Over the last fiscal year, your federal government BORROWED over $53,000 every second. Just think about that. We cannot possibly tax enough to cover all the spending coming out of Washington, so every second of every day, we’re borrowing more than $53,000 to make up the difference.
And yet Democrats are still telling me we don’t have a spending problem.
Our total borrowing last fiscal year is still being added up, but is probably going to land north of $1.7 trillion. And our total national debt – the number that’s growing by $53,000 per second – is almost $34 trillion.
And yet I’m treated like a piranha by Democrat colleagues and the media for promoting safe spending reductions.
You probably saw the news several days ago. Moody’s slashed its credit outlook on the U.S. government from “stable” down to “negative.” This is another blow to our financial situation, as the experts at Moody’s are looking at the stupidity of our government and finally deciding we cannot afford all this debt we’re taking on.
No kidding. You might wonder why Moody’s was so slow to realize the obvious. Fitch Ratings already downgraded the U.S. government over the summer, while Standard & Poor’s was sounding the alarm bells back in 2011.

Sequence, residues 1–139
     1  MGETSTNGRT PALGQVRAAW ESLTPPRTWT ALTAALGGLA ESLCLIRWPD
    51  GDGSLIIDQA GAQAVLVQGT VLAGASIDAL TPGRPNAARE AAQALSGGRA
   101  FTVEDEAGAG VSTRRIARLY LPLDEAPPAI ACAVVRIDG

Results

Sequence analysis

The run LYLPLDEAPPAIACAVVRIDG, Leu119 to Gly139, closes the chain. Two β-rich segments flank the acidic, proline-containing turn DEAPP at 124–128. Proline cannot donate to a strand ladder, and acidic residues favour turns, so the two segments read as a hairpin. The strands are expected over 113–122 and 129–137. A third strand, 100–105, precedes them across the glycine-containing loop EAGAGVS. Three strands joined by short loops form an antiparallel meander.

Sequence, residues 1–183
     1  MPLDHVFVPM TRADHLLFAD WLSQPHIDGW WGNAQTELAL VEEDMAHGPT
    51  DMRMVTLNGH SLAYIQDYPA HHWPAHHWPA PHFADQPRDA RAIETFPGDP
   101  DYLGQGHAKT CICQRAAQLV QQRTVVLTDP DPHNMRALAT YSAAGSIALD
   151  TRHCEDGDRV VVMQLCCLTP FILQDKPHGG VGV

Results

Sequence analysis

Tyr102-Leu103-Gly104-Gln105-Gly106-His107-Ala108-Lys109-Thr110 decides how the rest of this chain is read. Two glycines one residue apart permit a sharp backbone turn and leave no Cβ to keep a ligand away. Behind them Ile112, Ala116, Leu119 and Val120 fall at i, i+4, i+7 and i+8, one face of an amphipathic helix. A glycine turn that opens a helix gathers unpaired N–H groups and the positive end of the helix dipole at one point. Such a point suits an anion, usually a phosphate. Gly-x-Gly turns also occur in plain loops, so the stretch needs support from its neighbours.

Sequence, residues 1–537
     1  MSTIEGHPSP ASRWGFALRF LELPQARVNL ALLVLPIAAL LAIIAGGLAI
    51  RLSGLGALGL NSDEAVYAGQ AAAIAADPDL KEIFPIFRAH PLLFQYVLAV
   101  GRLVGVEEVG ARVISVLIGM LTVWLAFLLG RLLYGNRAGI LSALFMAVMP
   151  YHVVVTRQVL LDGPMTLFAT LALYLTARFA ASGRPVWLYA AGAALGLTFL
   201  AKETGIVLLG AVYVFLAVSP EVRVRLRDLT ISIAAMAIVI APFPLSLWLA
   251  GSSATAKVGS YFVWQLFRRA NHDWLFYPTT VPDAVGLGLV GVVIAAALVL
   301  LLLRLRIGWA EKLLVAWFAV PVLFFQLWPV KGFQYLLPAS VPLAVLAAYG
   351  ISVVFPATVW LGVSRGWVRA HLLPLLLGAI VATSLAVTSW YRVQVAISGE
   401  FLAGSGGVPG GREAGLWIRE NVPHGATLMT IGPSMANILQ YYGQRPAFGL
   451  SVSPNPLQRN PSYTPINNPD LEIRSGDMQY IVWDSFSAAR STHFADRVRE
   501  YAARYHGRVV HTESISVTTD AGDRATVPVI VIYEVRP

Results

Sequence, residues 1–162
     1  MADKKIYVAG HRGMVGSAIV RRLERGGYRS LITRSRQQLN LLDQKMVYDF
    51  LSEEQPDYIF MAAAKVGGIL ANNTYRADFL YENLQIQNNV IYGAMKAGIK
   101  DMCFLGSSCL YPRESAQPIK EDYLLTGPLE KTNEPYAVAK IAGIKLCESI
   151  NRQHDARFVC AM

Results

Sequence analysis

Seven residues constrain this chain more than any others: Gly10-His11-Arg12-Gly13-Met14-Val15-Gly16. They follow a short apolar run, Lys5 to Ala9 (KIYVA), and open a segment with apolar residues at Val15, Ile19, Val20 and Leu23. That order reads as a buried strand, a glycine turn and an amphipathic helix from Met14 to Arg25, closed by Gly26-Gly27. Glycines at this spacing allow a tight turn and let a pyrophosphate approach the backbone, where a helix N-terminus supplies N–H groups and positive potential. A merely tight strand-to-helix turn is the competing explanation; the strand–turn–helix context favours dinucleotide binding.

The one fatal flaw in the U.S. Constitution might just be its failure to require a balanced budget (except during times of declared war). The overwhelming majority of those who have been elected to Congress, including Republicans, have no desire to address this crisis. And no desire to initiate a balanced budget amendment to the Constitution.
I understand the concerns about a Convention of States; I’ve heard them all. But we’re looking at the very real possibility of a financial collapse unless we can reduce spending and balance the budget. All that before we even think about paying down this mountain of debt.
If there’s one thing that’s clear to me after serving in Washington for a few years, it’s that Congress is not going to do this on our own; we must be forced. That’s why a Convention of States to start pushing through a balanced budget amendment may be our only hope.